COVID-19 reaches the Pacific
COVID-19 is now present in the Pacific islands region. There are now dozens of confirmed cases in the region, with the first death having occurred in Guam. A number of countries have declared states of emergency, including Nauru, Samoa, Tonga, and Papua New Guinea. In addition, many countries have effectively closed their borders with international flights being severely reduced in frequency, and cancelled altogether in some places. A lack of flights will seriously hamper the ability to test for the virus in countries that do not have their own testing facilities available. The economic impacts of the pandemic are also being felt with the tourism sector being severely affected in countries such as Vanuatu and Fiji. There have also been moves by governments to suspend participation in labour mobility programs such as the RSE in New Zealand and the SWP in Australia.
Vanuatu elections completed
The general elections in Vanuatu took place last week. Despite some concerns about the COVID-19 virus, the turnout seems to have been strong. In general, the process seems to have gone very smoothly. However, there were some logistical problems that meant more than 20,000 people had difficulties voting on the designated day of 19 March. In some parts of the country, voting did not take place until the following day. The official results have yet to be announced. However, the unofficial results indicate that no one party will secure more than 9 or 10 seats. The new government will be formed as a coalition as has been the norm in Vanuatu for some time. The community is hoping the new government will be formed quickly so that leaders can start work on addressing the impacts of COVID-19 as soon as possible.
The Bougainville elections are likely to be delayed. Recently the Autonomous Government had indicated they would go ahead as planned. This was despite two court actions seeking to delay the issue of the writs. One had been lodged by the current President, John Momis, who is seeking to stand for a third term. However, on Monday the executive declared a 21-day state of emergency as a result of the COVID-19 pandemic. This means the election writs cannot be issued on 27 March as planned.
In Kiribati, this year’s elections are still scheduled to be held. There are no cases of COVID-19 in the country and prevention measures apply only to international arrivals at present. There are 23 electoral districts in the country and 118 candidates have registered to contest. The first round of the elections is scheduled to take place on 7 April.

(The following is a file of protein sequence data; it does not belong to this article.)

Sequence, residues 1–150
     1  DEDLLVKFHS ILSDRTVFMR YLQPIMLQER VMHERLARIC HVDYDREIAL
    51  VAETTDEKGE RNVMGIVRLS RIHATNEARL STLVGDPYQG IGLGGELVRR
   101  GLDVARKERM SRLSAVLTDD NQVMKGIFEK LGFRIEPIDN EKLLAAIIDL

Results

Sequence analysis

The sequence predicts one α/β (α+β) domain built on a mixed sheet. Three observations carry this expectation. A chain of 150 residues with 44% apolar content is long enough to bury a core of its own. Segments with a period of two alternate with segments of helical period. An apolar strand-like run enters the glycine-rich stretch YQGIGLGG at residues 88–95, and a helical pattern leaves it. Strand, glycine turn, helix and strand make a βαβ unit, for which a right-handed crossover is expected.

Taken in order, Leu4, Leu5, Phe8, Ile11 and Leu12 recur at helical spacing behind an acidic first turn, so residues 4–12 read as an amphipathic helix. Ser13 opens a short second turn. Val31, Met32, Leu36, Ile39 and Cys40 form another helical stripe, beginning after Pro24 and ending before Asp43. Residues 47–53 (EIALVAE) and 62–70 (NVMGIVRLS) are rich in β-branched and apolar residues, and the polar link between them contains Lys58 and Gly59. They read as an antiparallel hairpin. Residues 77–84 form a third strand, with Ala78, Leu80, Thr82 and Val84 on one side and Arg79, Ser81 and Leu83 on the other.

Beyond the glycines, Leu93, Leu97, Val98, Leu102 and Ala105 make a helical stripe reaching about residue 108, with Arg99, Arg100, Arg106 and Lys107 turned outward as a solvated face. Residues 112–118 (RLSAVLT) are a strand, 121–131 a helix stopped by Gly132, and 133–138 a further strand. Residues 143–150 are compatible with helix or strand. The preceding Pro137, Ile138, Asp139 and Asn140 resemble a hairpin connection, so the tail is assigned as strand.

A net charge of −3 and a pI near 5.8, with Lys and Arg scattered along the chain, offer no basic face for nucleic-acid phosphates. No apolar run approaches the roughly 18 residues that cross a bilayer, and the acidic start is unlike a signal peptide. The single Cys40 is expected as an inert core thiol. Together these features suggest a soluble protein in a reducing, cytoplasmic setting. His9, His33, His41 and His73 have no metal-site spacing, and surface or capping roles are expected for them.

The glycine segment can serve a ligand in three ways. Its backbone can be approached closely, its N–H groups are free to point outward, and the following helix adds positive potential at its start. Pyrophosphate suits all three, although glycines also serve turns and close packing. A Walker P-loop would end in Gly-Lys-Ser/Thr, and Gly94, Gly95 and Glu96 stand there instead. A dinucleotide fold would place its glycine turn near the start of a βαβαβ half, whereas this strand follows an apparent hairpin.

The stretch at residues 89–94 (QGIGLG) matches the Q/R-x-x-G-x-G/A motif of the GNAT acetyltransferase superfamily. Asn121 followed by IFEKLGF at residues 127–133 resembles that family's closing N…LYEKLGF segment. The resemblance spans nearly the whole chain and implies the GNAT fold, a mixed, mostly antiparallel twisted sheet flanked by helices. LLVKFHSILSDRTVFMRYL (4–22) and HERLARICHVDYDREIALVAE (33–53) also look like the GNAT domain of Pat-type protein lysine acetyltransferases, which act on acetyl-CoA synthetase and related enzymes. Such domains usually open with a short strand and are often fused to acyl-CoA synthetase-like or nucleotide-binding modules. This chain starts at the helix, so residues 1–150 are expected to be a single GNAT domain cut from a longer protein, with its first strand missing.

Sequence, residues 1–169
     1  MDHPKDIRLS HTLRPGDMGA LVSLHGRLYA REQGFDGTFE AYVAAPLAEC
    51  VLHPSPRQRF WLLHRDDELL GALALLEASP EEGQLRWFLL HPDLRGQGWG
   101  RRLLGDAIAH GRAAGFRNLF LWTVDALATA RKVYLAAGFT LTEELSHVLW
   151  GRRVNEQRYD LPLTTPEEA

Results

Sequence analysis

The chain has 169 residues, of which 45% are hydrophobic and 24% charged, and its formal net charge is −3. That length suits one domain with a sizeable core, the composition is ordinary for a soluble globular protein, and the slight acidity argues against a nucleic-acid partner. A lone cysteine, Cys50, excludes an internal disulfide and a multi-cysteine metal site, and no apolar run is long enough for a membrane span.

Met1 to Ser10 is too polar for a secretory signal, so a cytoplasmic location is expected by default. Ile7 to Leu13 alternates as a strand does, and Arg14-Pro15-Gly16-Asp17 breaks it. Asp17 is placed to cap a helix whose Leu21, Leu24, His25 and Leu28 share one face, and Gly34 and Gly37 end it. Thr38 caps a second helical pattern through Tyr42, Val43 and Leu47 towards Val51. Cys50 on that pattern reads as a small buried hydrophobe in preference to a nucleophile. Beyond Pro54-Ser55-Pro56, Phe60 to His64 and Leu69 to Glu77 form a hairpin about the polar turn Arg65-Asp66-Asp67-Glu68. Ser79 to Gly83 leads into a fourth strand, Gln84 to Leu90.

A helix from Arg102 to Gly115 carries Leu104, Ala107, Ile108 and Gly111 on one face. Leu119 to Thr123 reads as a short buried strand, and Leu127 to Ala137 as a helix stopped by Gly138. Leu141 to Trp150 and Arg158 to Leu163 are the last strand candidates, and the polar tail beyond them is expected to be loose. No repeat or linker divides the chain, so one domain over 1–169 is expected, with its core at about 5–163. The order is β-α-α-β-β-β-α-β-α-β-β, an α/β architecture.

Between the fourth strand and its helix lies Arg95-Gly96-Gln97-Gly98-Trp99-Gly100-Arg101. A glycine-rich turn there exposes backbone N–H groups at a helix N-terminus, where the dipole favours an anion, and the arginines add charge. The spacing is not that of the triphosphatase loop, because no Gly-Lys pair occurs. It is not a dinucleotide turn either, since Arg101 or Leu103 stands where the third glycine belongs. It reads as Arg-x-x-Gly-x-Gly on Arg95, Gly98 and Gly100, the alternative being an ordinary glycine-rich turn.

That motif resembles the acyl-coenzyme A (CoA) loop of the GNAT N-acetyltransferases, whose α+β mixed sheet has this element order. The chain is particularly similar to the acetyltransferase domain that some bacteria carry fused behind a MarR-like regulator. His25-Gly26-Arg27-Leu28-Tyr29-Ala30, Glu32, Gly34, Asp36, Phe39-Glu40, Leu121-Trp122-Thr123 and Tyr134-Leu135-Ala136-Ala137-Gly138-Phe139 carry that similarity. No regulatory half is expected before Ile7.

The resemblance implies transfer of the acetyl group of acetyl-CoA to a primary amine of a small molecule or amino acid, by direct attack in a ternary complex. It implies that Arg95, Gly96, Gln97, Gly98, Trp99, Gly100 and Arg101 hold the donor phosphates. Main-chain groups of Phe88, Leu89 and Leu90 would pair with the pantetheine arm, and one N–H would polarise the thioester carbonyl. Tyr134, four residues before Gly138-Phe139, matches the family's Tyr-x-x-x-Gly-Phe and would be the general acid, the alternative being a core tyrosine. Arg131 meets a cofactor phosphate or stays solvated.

There are concerns relating to the media across the region. The impacts of COVID-19 have highlighted the importance of the media in keeping populations informed and governments accountable. They have also shone the spotlight on the harm that fake news and misinformation can do as well as the importance of ethical reporting during times of crisis. In Fiji, police who were patrolling roadblocks in the Lautoka area turned back those who were trying to deliver the Fiji Times whilst allowing distribution of the Fiji Sun, which is considered to be a pro-government publication. In Samoa, a young woman who was in quarantine awaiting the results of testing was harassed online after her name was published in the media and the Prime Minister revealed the name of her village on a radio programme. PACMAS, an Australian funded programme to assist with media development in the region, has shared resources to assist journalists and editors in how to cover situations such as COVID-19.
Pacific workers face challenges in Australia
Pacific workers face challenges in Australia arising from the ongoing COVID-19 pandemic. The horticulture industry in Australia is heavily reliant on the Seasonal Workers’ Program to fill critical labour shortages. There are currently 7,000 people working in Australia under this scheme, most of them from Pacific island countries. Border closures and international flight cancellations have created a degree of confusion and concern about if and when they can leave once their visas have expired. The Australian government has indicated it intends to ‘tweak’ the visa system to allow people to stay and continue working. However, it is not clear what provision is made for additional medical care and psycho-social support for those who wish to take up that option. In addition, there is no information currently about how Australian authorities will guard against returning infected workers to vulnerable Pacific island countries.
Tess Newton Cain is an Adjunct Associate Professor at the Griffith Asia Institute.